Saturday, May 18

Fangran Tian, Kimmi Hance of UCLA women’s tennis see success at SoCal Pro Series

Fangran Tian of UCLA women's tennis holds her trophy as champion. The rising sophomore won both the singles and doubles awards at the USTA SoCal Pro Series. (Courtesy of Jon Mulvey/USTA SoCal)

Fangran Tian’s trophy case recently gained its most glamorous member, and she’s already had to make some room on the shelves.

Since the rising sophomore won the 2023 NCAA singles title just over a month ago, additional accolades have piled up – reeling them in has become a habit.

Tian secured both the singles and doubles crowns at last week’s Los Angeles event of the USTA SoCal Pro Series. Two weeks prior, she won doubles at the San Diego USD event alongside rising junior Kimmi Hance – their first-ever pro partnership – before also becoming the last woman standing in the singles bracket.

“It’s always happy. It’s very close to school, and I’m not playing by myself here. We can do it together, and it’s really fun,” Tian said. “It’s also a great experience just playing these few tournaments in a row, to get timing and keep my footing.”

The ITA National Rookie of the Year is now 36-3 in all competitive singles play since the start of the dual-match season on Jan. 28, including a 16-2 dual mark, a 6-0 NCAA title run and a 14-1 pro record. She’s reached the singles final at every pro tournament she’s played since the end of the NCAA season.

In the very contest that culminated with her fourth title in three weeks – her final appearance before returning home to Beijing – Tian was at her finest.

(Courtesy of Jon Mulvey/USTA SoCal)
Tian prepares to hit a backhand return. (Courtesy of Jon Mulvey/USTA SoCal)

She dropped her fewest games of the week to California’s Jessica Alsola on the way to a 6-2, 6-1 triumph. Her 80% first-serve percentage marked her highest of the tournament, ultimately leaving Alsola with just one of her service games won.

The Bruins’ phenom consistently refined her game with the ball on her racket, successfully landing 57% of her first serves in the round of 32 and increasing that percentage in each match that followed.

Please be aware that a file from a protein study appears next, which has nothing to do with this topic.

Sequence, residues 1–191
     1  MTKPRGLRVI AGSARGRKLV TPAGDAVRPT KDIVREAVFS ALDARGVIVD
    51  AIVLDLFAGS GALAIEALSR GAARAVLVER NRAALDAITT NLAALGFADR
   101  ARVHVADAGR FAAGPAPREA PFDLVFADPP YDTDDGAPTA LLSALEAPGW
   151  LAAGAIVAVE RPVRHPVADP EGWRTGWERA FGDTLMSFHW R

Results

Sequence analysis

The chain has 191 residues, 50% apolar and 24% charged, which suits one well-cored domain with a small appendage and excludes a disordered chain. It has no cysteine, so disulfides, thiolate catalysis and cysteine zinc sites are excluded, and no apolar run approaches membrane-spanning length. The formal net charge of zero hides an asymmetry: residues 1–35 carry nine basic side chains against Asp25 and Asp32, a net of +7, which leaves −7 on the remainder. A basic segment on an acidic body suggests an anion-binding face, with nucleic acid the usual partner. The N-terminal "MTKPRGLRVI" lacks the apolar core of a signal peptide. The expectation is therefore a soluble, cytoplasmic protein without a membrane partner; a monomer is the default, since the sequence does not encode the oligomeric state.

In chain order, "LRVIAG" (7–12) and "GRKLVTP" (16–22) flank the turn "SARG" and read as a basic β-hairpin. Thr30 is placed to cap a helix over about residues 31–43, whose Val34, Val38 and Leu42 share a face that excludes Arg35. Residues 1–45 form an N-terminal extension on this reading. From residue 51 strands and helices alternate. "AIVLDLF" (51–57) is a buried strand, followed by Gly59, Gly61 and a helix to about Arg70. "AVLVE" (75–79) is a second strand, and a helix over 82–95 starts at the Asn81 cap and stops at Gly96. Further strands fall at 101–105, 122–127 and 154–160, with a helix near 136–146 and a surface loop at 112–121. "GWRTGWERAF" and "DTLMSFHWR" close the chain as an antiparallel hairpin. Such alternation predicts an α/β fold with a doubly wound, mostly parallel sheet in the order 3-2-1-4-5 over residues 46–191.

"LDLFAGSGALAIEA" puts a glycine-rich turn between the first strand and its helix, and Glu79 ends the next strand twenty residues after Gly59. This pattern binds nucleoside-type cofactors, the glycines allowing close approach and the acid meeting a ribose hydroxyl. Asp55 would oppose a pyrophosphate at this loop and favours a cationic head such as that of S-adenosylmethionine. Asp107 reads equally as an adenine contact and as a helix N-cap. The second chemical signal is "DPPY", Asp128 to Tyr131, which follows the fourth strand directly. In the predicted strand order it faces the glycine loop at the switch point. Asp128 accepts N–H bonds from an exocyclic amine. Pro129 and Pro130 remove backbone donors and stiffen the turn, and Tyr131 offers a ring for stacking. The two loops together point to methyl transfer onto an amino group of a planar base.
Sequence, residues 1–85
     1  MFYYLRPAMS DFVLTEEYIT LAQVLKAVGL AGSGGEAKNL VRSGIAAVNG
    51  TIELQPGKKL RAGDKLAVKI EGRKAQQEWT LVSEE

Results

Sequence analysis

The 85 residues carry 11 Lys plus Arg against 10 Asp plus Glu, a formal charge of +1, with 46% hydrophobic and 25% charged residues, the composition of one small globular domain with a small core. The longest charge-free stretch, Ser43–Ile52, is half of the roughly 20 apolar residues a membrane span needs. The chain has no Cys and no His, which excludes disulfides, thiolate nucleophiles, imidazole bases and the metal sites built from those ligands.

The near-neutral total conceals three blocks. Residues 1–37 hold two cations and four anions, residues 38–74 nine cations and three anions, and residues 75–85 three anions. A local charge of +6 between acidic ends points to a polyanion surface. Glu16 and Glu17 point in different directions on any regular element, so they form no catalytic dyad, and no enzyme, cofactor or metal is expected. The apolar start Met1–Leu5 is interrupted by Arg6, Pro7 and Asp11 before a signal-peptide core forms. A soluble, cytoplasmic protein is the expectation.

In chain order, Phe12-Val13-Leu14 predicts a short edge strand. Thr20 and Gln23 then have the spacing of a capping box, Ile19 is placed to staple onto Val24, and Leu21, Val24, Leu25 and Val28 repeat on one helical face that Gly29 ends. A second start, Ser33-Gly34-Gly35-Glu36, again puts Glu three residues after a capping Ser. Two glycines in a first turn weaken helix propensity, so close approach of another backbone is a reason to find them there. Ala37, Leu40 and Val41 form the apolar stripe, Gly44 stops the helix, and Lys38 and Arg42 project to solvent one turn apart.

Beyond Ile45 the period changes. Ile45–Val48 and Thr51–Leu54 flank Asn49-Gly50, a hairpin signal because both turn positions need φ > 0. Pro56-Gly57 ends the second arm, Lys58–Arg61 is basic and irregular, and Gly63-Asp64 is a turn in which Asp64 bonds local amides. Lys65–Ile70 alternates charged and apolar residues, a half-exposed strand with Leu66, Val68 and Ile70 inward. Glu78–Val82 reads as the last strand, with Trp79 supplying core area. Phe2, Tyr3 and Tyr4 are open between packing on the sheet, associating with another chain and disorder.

“That’s very surprising for me because I feel like I’ve been struggling with my first serve,” Tian said. “I also didn’t try to hit the biggest serve my first serve, I tried to hit more percentage.”

A far-too-familiar face would stand between Tian and a title match berth. After claiming the doubles title in San Diego alongside Hance, she found herself on the opposite side of the net.

Practice battles aside, Tian had only played Hance once before. They matched up in the San Diego USD event’s round of 16, where the former dealt the latter a 6-1, 6-1 shellacking.

And with a 6-3, 6-1 win for Tian in LA, the sequel wasn’t far off from the original.

“Obviously, I train with her all the time, but we never really play actual matches together,” Hance said. “She’s playing really, really well right now, and it definitely shows in the results.”

(Courtesy of Jon Mulvey/USTA SoCal)
Rising junior Kimmi Hance follows through after a backhand stroke. Hance's accolades may give her a shot to quality for next year’s Indian Wells Masters. (Courtesy of Jon Mulvey/USTA SoCal)

A wild card into qualifying for next year’s Indian Wells Masters – often hailed as the fifth Grand Slam – is on the line in the SoCal Pro Series, offered to the male and female players who accumulate the most points across the circuit’s seven events. Tian would be comfortably in the lead for that honor if non-U.S. citizens were counted.

Instead, Hance represents the Bruins’ best shot at the spot, with her 18 points good for second in the standings behind Megan McCray’s 35, the only opponent whom Tian could not dispatch across her three events.

Hance’s past two weeks yielded the lion’s share of those points, thanks to a pair of quality singles runs and the doubles title to boot. Her semifinalist finish in LA replicated what she accomplished at the San Diego Barnes event, where she fell to eventual champion Sara Daavettila in a 7-5, 6-1 decision.

“Just playing match after match after last year, it’s a lot,” Hance said. “Just more consistency, it isn’t a college season, so I’ve definitely felt myself just getting fitter and just more match tough.”

Irvine and Lakewood represent the final destinations of the SoCal Pro Series, and though Bruins remain active on the circuit, their championed leader will not be among them.

Tian’s U.S. tour reached its end in LA. Plenty of summer remains, though, and she plans to fill it with on-court challenges beyond home.

“There’s lots of plays that I have to work on like my serve, my volleys, being more aggressive,” Tian said. “As of now, I’m planning to go to Europe for a few other higher-level tournaments, and I’ll see how it goes.”

Sports senior staff

Nelson is currently a Sports senior staff writer. He was previously an assistant Sports editor on the softball, men's tennis and women's tennis beats and a contributor on the men's tennis and women's tennis beats.

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